Plus, news on funding for a fraud preventer, a furniture drop-shipper, a conversational commerce company, an Amazon brand buyer and a company helping brands break into Asia.

Ecommerce payment fraud occurs in several ways, such as a criminal using stolen credit card information to purchase goods from a retailer, or a consumer disputing a charge with the credit card company often under the guise that the retailer never sent an item.

Sift, which provides protection against that first type of fraud, last week acquired Chargeback, a vendor protecting against that second type, which is called chargeback fraud.

“Preventing chargeback fraud is the critical ‘last mile’ of stopping payment fraud entirely,” said Marc Olesen, president and CEO of Sift, in a statement. “With the addition of Chargeback’s team, technology, and partners, our customers gain a true hub for fighting all types of fraud and abuse while creating a more seamless experience. We’re excited to continue working together as we help our customers implement their Digital Trust & Safety strategies.”

Chargeback and Sift were already working together. Chargeback offered its customers a pre-built connection to tie into Sift offerings. Now, the combined company will be able to cover both types of fraud with one offering.

In other vendor news:

  • Another fraud prevention company, Forter, raised $300 million in a Series F round that values the company at $3 billion. The funding comes half a year after its last funding round of $125 million, which valued the company at just $1.3 billion. Forter is focused on stopping fraud at the point of transaction, before items are shipped, but it’s also working on fraud remediation tools that help defrauded retailers deal with the fallout.
  • A furniture manufacturer that drop-ships DNVB and direct-to-consumer furniture got a fresh round of investment from investment group Blackstone Tactical Opportunities. Walker Edison, which manufactures and drop-ships furniture for ecommerce brands, touts its logistics network and data-driven approach to producing products as key to its growth. However, the manufacturer does not disclose its growth nor which ecommerce brands it supplies its products to. Digitally native furniture brands in the 2021 Digital Commerce 360 Top 1000 grew 35.1% in 2020 and have a median 5-year CAGR of 48.7%.
  • Conversational commerce provider Yalo raised $50 million last week in a Series C funding round, bringing its total funding to $75 million. The new funding, led by venture investor B Capital Group, will help the company move more aggressively into Latin America and Southeast Asia. Yalo, formerly known as Yalochat, lets retailers sell products through messaging apps like WhatsApp using personalized, conversational messages.
  • Analytics provider Contentsquare completed a $500 million Series E led by SoftBank Vision Fund. The funding and SoftBank’s involvement will help the customer behavior analytics firm move into Asian territories. Top 1000 retailers like Walmart Inc. (No. 2) and Everlane Inc. (No. 286) use Contentsquare to get recommendations for things like content, user experience decisions and merchandising based on consumer behavior across a wide network of web, mobile and app interactions the vendor tracks.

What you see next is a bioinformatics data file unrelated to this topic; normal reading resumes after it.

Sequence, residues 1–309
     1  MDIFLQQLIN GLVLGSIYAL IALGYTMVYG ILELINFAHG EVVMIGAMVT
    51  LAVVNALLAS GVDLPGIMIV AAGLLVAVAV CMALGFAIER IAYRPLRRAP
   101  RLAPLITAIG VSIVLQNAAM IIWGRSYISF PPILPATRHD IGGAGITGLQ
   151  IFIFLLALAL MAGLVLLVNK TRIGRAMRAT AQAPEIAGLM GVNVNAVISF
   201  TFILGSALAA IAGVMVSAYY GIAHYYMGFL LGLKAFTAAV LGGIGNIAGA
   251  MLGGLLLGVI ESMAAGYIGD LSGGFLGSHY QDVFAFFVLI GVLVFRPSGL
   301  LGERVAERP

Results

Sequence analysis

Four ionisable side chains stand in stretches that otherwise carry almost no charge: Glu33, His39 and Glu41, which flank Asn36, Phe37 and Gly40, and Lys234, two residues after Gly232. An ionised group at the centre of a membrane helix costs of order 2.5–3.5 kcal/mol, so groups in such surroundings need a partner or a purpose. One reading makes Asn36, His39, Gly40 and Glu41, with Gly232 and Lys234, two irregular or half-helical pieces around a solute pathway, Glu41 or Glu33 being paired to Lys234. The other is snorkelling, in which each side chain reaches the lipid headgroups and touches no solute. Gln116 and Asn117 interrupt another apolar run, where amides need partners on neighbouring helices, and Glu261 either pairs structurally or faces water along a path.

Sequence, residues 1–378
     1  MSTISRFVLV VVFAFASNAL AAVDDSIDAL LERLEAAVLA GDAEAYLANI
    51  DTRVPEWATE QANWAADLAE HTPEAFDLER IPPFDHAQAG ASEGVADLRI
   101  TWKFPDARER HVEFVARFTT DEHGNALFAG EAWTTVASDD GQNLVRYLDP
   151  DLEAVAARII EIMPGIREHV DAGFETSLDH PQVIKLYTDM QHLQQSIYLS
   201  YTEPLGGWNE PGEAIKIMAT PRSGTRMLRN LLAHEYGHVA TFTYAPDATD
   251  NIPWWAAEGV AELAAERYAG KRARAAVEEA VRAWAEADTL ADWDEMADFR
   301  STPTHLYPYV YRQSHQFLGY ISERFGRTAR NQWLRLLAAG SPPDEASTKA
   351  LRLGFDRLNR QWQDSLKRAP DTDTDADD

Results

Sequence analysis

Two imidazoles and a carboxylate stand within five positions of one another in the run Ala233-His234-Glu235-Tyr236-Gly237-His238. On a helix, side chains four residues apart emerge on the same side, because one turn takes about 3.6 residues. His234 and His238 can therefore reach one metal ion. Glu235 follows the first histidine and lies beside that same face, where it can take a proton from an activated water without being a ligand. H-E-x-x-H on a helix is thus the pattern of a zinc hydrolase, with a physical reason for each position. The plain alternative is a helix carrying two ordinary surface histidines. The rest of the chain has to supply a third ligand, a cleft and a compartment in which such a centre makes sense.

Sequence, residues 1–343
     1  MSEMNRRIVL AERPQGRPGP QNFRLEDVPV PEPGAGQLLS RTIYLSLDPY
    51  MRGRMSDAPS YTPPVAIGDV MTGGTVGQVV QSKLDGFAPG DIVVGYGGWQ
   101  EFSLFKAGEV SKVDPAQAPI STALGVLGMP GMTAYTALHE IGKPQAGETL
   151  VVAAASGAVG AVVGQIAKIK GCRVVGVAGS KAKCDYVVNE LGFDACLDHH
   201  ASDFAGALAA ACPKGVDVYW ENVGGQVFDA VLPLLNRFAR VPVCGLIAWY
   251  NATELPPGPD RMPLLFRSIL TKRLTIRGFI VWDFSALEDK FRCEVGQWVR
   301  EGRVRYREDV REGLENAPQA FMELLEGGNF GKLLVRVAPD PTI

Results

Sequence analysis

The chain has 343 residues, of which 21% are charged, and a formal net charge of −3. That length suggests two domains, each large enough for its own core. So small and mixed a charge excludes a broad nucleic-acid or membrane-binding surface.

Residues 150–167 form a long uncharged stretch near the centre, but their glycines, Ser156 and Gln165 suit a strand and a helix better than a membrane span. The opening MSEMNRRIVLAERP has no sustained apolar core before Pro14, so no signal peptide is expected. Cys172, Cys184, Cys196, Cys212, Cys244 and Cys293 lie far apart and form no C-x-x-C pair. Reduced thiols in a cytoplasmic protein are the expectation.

• Many brands exclusively sell on Inc. (No. 1), and a company powering a number of them—Perch—announced last week a $775 million series A to acquire more Amazon-focused brands and expand into other marketplaces. Perch acquires and operates brands that sell just on Amazon, expanding them to wholesale with other merchants such as Target Corp. (No. 6) and Costco Wholesale Corp. (No. 10). Perch owns more than 70 brands, including legging brand Satina and teeth-whitening provider Cali White, and helps cut costs by getting them all on a unified technology platform for logistics, marketing and customer service.
  • SCI Ecommerce, the online shopping service provider backed by two of Alibaba’s earliest employees, raised more than 50 million Singapore dollars ($38 million) last month to expand in Southeast Asia. SCI—short for Singapore, China, Indonesia—helps brands such as Unilever, Crayola, Nestle and Danone set up and manage their online stores in Southeast Asia and China. The startup, which was founded by CEO Joseph Liu in 2014, plans to use the fresh capital to set up local teams in Malaysia, Thailand and the Philippines and hire at least 100 employees across Southeast Asia and China in the next 12 months, adding to its near 200-person workforce. Existing investors include two of 18 original founders of Alibaba Group Holding Ltd., James Sheng and Eddie Wu, as well as Jubilee Capital and Chinese tech entrepreneur Pang Shengdong. Alibaba owns and operates Taobao and Tmall, which hold the No. 1 and No. 2 spots in the ranking for Digital Commerce 360 Top 100 Online Marketplaces.